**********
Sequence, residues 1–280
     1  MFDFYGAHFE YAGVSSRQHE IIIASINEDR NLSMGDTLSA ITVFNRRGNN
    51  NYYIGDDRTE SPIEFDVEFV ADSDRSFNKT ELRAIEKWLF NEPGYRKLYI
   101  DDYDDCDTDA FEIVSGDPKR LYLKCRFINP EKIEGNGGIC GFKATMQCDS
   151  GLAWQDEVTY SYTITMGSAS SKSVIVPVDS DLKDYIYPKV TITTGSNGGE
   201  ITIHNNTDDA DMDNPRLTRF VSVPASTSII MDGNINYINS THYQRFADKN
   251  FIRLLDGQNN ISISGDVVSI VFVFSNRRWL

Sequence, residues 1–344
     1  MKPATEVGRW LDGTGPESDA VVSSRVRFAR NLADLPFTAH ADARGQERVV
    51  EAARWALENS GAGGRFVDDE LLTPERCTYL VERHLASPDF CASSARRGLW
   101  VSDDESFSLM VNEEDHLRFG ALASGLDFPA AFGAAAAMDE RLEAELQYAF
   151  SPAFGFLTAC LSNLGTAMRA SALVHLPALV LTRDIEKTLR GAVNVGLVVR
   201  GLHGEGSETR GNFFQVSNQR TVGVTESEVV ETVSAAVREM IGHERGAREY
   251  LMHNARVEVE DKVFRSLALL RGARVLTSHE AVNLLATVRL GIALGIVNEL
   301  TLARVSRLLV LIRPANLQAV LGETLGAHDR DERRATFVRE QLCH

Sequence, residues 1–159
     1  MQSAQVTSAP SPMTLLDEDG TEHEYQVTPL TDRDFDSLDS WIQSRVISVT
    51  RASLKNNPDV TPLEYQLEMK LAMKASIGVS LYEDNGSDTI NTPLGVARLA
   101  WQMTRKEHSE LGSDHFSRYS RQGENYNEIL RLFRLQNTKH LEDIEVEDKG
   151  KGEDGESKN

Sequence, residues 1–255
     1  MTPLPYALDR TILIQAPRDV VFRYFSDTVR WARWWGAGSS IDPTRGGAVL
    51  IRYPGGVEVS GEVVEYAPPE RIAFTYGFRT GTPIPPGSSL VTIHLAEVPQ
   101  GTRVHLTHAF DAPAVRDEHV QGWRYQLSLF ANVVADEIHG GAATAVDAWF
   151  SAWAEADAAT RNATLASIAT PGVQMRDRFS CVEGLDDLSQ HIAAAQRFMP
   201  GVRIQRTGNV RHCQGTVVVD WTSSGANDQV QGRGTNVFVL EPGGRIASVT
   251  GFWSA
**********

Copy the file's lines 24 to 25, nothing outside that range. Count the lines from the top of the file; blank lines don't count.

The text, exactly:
   101  GTRVHLTHAF DAPAVRDEHV QGWRYQLSLF ANVVADEIHG GAATAVDAWF
   151  SAWAEADAAT RNATLASIAT PGVQMRDRFS CVEGLDDLSQ HIAAAQRFMP